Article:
In terms of seeking partnerships and cooperation with ITS companies, one of the major functions of ITS Russia is to act as an interface between Russian ideas and technology and international ones. As Kryuchkov put it, "We are actively seeking to help international companies to find the right partner, or project, and take advantage of the vast potential that exists in Russia." Vladimir.Kruchkov@ingos.ru
Major Russian projects
National road safety programme
Adopted in 2006, the Russian state strategy for road safety targeted, by 2012, a 50 per cent decrease in fatal road traffic accidents, as compared to 2004, and a 10 per cent decrease of accidents involving personal injury. The strategy was based on an estimated 54,000 lives being saved throughout the programme with a positive socio-economic effect of over e626 billion.
The ITS Moscow: Road Infrastructure and 'Smart' vehicles project assumes future deep modernisation and enlargement of existing ITS services, and their integration into the unique centralised dispatching, information and traffic control centre. The main challenge for the project is the creation of the cooperative information exchange system which will collect and disseminate data for traffic and safety management in the city. The project is in the final stage of approval with implementation planned for 2011-2014. An important part of the pilot project includes cooperation with car manufactures and insurers for promoting safe, secure and green vehicles in Moscow and the Moscow region.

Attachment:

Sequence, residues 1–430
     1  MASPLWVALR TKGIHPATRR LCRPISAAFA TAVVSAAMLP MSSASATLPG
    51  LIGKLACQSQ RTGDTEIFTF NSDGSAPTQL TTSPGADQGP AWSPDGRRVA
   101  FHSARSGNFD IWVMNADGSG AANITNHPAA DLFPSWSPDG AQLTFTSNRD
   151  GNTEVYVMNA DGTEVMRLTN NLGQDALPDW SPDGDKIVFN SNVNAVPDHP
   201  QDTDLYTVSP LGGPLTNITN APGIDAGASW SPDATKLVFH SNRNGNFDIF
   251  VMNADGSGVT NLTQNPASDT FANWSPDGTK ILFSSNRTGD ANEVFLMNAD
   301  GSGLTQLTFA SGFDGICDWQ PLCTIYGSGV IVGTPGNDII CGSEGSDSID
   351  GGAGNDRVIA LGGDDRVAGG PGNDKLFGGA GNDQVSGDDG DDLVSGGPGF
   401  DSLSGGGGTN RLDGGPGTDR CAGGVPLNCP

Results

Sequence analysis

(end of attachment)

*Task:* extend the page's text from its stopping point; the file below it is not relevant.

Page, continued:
Sochi-2014 'Smart' city
Sochi will welcome the Winter Olympic Games in 2014 and construction work is getting under way. The creation of the infrastructure for the event requires the modernisation of the entire urban and inter-urban road network and ITS services to provide the transportation before, during and after the Olympic Games. Currently, the monitoring and control system, based on the Glonass navigation system, is being implemented. At the same time, services such as an integrated payment collection system and navigation infrastructure are being developed.
Development of road tolling constitutes a large part of the Russian Federal Target Programme, 'Russian Transport System Modernisation 2006-2010', a strategic, long-term undertaking of the Federal Transport Agency over the period 2010-2015 that will form the backbone of transport strategy of Russia until 2030. The aim is to create some 9,000km (5,500 miles) of tolled roads by 2030. The construction of the Moscow - Don (M4) and Moscow - St. Petersburg motorways is in progress. Meanwhile traffic management systems are currently being deployed to contribute to the development of 'smart' roads in Russia. For instance, advanced hardware and software systems have been incorporated into the management of the ring road being constructed around St. Petersburg.
International transport corridors
Russia is a natural bridge between East and West and the development of international transport corridors is a major focus. They will not only strengthen transit and investment potential of the country, but ensure the execution of the European agreement on international autobahns. Russia's Federal Transport Agency has a programme for strategic long-term development that provides for the construction and reconstruction of 1,380 km of federal roads corresponding to the trans-European transport corridors N2, N9, A1, and linking Europe to Western China.